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New Delhi [India], October 9 (ANI): Delhi Power Minister Satyendar Jain on Saturday held a meeting with the representatives of power distribution companies (discoms) in Delhi to discuss "power crisis" in the national capital and said that there is only one-day stock of coal left in the thermal power station from where Delhi gets electricity.
Speaking to ANI after meeting, Jain said, "There is an acute shortage of coal in coal-fired power plants across the country. There is only one day's stock left in the plants from which Delhi gets electricity, there is no coal at all."
Appealing to the Centre to transport coal to the national capital, the Delhi Power Minister said, "There is an appeal to the central government to transport coal soon using railway wagons."
He further informed that all the plants are already running on only 55 per cent capacity, instead of the full 3.4 lakh megawatt (MW) capacity. "Today, only 1 lakh MW demand is left instead of 3.4 MW demand, but still, the power plants are not able to meet this demand," he said.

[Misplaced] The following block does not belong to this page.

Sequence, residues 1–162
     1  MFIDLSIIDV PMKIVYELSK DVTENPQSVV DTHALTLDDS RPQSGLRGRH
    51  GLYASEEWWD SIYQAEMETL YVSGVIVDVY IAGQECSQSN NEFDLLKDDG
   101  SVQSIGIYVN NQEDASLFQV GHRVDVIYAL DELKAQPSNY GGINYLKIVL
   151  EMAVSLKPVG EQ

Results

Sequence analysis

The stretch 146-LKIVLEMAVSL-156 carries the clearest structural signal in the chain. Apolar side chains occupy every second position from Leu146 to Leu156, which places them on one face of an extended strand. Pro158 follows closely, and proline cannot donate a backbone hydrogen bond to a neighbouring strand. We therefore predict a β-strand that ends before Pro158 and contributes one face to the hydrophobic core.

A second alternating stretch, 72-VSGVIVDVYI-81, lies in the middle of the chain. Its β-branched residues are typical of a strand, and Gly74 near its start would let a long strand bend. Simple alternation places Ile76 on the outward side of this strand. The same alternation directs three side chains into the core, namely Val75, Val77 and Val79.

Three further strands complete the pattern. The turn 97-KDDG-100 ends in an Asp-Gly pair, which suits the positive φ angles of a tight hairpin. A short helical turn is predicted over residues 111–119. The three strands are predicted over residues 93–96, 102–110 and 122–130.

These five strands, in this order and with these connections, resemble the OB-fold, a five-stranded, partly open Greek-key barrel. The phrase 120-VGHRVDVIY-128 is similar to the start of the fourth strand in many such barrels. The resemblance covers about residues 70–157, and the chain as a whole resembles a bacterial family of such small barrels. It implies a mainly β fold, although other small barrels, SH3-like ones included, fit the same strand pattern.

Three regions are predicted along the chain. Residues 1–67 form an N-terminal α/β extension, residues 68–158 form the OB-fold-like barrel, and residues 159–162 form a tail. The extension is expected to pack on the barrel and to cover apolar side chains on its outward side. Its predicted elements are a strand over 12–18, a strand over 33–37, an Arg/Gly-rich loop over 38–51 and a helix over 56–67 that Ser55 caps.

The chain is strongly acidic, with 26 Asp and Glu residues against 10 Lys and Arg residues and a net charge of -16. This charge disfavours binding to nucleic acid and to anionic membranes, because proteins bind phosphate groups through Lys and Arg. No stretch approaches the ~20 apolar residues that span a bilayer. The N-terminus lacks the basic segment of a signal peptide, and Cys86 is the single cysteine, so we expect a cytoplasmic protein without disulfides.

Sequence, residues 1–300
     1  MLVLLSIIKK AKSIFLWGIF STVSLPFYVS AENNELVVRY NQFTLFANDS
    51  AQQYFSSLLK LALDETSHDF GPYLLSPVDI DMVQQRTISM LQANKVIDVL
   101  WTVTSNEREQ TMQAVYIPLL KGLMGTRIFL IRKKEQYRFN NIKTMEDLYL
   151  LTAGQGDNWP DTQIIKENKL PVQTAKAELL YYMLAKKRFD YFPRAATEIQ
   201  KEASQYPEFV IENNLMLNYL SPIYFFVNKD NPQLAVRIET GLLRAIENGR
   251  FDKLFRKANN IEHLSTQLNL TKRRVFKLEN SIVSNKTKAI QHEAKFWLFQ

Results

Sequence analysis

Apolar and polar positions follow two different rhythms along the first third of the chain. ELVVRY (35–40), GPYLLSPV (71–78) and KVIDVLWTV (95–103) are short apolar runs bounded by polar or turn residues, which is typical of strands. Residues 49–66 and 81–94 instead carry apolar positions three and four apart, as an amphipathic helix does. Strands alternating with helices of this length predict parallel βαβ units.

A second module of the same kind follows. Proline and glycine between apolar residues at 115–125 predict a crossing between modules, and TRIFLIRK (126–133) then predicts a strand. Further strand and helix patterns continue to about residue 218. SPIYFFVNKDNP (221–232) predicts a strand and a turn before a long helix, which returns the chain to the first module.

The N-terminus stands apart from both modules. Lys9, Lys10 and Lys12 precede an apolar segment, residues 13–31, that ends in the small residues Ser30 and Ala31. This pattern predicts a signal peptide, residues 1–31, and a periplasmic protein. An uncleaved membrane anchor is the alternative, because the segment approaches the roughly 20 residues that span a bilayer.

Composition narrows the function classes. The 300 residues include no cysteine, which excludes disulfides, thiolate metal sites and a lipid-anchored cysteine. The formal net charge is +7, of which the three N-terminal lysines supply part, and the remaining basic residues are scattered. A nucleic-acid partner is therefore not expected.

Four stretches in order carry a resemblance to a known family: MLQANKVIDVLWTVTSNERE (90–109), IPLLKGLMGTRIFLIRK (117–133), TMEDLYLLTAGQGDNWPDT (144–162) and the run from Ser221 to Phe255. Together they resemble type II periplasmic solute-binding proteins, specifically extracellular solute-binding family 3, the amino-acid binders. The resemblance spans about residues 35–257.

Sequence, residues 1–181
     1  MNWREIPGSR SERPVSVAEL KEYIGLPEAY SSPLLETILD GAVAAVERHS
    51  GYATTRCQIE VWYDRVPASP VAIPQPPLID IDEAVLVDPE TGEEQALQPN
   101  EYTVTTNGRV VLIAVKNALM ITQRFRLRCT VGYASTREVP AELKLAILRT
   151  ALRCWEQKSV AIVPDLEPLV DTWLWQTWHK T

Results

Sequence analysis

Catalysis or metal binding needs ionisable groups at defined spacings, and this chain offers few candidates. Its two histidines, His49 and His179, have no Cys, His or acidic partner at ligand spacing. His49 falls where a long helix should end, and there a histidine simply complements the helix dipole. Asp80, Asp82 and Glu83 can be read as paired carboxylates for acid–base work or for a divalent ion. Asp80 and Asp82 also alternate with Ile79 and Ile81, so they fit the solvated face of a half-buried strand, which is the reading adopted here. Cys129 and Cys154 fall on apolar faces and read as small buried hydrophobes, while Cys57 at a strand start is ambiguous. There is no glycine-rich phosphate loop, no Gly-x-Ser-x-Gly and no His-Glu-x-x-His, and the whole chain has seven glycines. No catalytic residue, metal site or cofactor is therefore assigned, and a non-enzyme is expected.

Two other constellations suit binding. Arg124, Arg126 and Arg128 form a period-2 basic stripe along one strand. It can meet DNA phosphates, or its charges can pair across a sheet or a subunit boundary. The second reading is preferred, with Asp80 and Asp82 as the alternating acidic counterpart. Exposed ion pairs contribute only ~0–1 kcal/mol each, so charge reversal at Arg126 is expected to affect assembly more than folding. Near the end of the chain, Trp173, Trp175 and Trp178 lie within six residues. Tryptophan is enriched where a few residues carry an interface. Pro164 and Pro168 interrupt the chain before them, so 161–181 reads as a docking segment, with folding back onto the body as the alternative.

Jain said that Delhi does have any coal plant of its own, the national capital has only small plants which produce gas. "We have a 1300 MW plant in Bawana, which runs on gas, where the gas supply was stopped yesterday. And the national capital does not have any coal plant of its own. Only three small plants are there which produce gas," he said.
He stated that at present Delhi is dependent upon the Centre's plant which is provided when we demanded power supply. "After two days, there will be a complete blackout in the whole Delhi, if we do not receive more power supply from the Centre," Jain added.
In order to resolve the power crisis in Delhi, Jain said that the government is ready to buy expensive electricity at present.
"The capacity of our hydroelectric plants has also reduced from 45,000 MW to 30,000 MW. But, we want the plants to generate 45,000 MW of electricity during this peak hour. We have also made power purchase agreements with NTPC of 35,000 MW-45,000 MW. Still, we are ready to buy the expensive electricity today at the cost of Rs 20 per unit, Jain added.
Further, Jain called this power crisis a 'man-made crisis'. "It seems that this power crisis is a man-made crisis, just like oxygen-crisis took place during the second wave of COVID-19 was also man-made," he said. (ANI)